August 01, 2005

Pimpula

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Jean Rollin’s 1967 movie The Rape of A Vampire is totally symbolist in the best way. If one were to try and transcribe what one saw it probably wouldn’t make any real sense at all. It works on a completely different level. It is hard even to convey the range of imagery in a movie like this. Flashbacks to unspecified pasts commingle with 60s hip. Rundown rural locations and boarded up country mansions bracket beachside sequences. The sterility of a laboratory is set against the dusty, musty dampness of a dark auditorium. Scenes are peppered with highly charged imagery: a dead white bird on the floor, for example, or a stiff bat prop poorly affixed to the breast of a sheer nightgowned female vampire pressed up against a tree. Rudimentary costumes and set designs like the bat run throughout the fantastic architecture and landscape. Not to mention the motley crew of cast members set loose in this movie who are all amazingly game and all look like they are genuinely having fun, like a bunch of friends who decided on a whim to make a movie (“like” being the operative word since it is amply clear that everything in this movie is, in its own peculiar way, carefully worked out). The vampire sisters can’t stay in their nightgowns, or hoodies, or any other costume for that matter, for more than a second. The village idiot’s apelike choreography is straight out of Vaudeville. Many of the characters, in fact, look like they belong in a silent movie. The rest are decked out in 60s Euro-sheik with pageboy haircuts, tight jeans, leather jackets, miniskirts, high heals and big round sunglasses. And the queen vampire… what a goddess! She is light-skinned with a tight cut Afro. You either see her carried around by her minions on a throne, diabolically fingering the tip of her rapier, or reclined, half nude in the backseat of her 50s Oldsmobile convertible. From one moment to the next the action shifts mysteriously. Dreamy sequences are interspersed with violent attacks, such as the mob of village farmers incited to kill the foreigners who have come to cure the vampire sisters. Then there are the isolated one-off type shots, such as when the male lead discovers his dead girlfriend has come back to life. The shot is of him framed against a large white wall darkly shadowed on his left due to the extremely bright spot light that shines on him from the opposite direction. The camera lingers on him unusually long as he tilts his head back and opens his mouth in a strained grimace that issues a string of piercing cackles that sound somewhere between hysterical laughter and primal screaming. There is no actual narrator to guide us through this carnival-ride of a movie, although there is the white-mustached lord of the manor with the bad French accent who is, early on, the mysterious voice behind the ram horned pagan straw devil who controls the vampire sisters. In the first part of the “melodrama”, as Rollin calls it, his is the hypnotic voice of omniscience, endowed, as it is, with that certain brand of impersonal perspective that, in a pinch, at least, commonly passes for profundity. Somewhere at the onset of the surreality of the blind vampire beach bowling, the misguided visitors, armed as they are against ancient superstition only with reason, and all the rest of the unnatural mayhem that ensues, it is he who says, in a moment of pure cornball poetry: “We are all damned souls, haunted by our desires.” In the context of the movie the line works on a couple of different levels. In the most basic sense it describes the two major mythologies that are thrust together in the story. The belief system of the vampire sisters, on the one hand, and that of the rational scientific mind of the outsiders with their foreign ideas. Rollin spares neither mythology and probably trashes a bunch of others along the way. A similar theme is touched on in the Hughes Brothers’ documentary American Pimp. Already well known for Menace II Society (1993), their documentary is all about the excesses of male fantasy. The Hughes brothers manage to interview some very colorful characters that like nothing better than talking shit. There is no perspective other than the pimp’s. This documentary is not about economic exploitation. Social injustice is not the issue. This movie is about pimping… and, as far as that goes, besides the glitz and glamour of fancy cars, stacks of cash, and ridiculously oversized jewelry, a lot of what these guys talk about is the psychological relationship they have with their whores. And they don’t shy away from the nitty-gritty of the dynamic either. One pimp puts it this way: it’s all about the whore’s fantasy. The pimp just has to understand what that fantasy is. There is no doubt something predatory in the statement. Con men and advertisers have probably known it for years. If you know what someone’s fantasy is you can control and take advantage of them. Rollin probably didn’t have such a mercenary meaning in mind for his haunted and damned souls. Nevertheless there is also a sense of doom in the lord of the manor’s pronouncement. Like all of us, the characters in the movie are likewise controlled by their fantasies which make them all the more easy to manipulate.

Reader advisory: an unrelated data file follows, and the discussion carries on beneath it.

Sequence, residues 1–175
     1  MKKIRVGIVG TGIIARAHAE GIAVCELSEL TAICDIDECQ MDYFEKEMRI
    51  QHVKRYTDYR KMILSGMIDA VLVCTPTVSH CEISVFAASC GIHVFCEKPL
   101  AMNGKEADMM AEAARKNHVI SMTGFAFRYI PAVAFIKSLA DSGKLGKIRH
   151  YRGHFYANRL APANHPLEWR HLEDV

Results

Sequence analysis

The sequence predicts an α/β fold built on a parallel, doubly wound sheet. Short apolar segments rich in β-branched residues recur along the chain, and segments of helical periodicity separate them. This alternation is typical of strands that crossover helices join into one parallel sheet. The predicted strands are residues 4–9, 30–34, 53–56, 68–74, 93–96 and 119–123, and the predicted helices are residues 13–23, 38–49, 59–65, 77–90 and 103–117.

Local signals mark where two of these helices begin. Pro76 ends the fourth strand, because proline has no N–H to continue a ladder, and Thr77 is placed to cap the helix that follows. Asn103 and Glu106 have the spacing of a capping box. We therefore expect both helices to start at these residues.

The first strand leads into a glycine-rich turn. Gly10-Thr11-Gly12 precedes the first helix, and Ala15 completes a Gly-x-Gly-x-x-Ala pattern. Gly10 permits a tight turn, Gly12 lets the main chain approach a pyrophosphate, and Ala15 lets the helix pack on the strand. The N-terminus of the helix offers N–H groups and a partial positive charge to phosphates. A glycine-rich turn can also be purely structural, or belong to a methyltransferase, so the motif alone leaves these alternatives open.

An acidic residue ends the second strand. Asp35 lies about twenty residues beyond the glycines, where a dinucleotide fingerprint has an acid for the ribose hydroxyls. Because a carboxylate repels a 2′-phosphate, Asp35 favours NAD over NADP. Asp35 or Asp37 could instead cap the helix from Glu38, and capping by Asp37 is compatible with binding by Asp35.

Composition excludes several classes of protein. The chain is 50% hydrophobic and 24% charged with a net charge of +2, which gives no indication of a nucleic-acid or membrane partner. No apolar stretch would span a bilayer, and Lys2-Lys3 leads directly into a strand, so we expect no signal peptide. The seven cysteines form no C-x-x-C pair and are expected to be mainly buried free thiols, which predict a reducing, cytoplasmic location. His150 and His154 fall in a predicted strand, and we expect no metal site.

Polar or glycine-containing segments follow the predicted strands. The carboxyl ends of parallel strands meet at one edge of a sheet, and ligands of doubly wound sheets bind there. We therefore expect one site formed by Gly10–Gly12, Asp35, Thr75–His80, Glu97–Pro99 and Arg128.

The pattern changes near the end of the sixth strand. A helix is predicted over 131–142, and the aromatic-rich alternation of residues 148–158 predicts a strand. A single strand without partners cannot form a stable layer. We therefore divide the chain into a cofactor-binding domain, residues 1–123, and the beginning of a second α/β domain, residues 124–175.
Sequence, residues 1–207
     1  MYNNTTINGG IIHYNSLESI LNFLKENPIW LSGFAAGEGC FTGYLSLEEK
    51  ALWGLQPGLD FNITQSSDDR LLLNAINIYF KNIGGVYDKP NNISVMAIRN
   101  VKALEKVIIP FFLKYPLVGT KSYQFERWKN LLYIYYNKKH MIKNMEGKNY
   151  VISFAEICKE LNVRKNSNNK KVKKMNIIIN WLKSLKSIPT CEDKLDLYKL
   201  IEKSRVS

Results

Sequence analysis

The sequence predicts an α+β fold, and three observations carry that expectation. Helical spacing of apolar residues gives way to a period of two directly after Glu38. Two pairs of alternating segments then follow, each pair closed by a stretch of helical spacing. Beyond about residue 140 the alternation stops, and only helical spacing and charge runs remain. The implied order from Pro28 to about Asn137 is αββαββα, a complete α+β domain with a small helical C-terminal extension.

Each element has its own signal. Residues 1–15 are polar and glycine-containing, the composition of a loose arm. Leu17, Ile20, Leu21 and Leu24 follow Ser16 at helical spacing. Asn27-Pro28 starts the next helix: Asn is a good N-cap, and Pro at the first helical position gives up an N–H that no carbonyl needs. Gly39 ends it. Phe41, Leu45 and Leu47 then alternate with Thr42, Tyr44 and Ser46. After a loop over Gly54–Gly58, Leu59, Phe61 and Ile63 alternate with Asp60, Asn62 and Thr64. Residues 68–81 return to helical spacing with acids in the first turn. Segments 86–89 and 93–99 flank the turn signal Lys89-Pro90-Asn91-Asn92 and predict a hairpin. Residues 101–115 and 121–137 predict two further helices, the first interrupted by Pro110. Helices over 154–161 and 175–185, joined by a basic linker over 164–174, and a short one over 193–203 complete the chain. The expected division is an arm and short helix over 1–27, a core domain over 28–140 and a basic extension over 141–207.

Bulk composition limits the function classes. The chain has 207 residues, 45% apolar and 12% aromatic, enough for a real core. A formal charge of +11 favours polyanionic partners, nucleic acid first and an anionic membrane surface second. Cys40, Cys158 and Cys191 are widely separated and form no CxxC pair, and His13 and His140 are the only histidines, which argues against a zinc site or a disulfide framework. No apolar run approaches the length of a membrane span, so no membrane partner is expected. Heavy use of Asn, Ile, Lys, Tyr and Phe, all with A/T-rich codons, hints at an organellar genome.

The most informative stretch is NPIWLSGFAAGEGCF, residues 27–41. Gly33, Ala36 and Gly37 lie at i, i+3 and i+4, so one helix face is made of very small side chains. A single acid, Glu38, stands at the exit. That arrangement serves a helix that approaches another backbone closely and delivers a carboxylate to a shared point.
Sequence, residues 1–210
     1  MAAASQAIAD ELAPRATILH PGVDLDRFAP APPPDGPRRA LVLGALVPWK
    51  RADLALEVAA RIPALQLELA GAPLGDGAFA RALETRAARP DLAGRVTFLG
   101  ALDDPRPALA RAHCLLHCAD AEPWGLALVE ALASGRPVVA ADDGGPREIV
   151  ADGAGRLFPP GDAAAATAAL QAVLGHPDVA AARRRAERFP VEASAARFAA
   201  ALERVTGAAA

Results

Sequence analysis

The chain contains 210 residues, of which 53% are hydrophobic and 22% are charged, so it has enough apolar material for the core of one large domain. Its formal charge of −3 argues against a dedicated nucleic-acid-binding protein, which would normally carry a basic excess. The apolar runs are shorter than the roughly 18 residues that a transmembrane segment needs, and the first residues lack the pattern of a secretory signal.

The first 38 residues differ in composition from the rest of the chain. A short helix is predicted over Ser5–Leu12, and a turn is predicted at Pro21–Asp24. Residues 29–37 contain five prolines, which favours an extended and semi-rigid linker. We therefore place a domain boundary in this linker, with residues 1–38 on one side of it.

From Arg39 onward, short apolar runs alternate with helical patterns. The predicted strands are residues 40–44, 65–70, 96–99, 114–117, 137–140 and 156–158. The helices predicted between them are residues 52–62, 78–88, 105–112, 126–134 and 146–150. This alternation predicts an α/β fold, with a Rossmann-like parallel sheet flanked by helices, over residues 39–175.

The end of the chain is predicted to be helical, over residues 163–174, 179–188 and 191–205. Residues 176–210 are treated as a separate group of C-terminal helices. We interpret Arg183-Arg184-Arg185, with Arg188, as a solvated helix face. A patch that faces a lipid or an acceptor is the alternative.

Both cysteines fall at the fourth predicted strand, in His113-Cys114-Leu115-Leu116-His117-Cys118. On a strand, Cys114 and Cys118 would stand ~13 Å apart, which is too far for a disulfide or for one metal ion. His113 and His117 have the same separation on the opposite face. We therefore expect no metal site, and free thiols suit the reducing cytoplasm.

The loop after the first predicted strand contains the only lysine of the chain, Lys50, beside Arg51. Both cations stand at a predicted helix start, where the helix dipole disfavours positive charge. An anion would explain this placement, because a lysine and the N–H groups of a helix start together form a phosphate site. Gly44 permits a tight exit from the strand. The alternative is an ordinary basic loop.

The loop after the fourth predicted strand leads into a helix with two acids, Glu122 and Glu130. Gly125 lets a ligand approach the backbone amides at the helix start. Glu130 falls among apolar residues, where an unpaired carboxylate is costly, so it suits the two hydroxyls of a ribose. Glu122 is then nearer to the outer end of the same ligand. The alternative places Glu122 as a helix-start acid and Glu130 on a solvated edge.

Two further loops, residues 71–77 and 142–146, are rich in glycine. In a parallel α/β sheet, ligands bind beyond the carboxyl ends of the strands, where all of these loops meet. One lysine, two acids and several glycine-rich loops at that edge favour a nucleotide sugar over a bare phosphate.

Posted by dmb at 10:59 PM | Comments (0) | TrackBack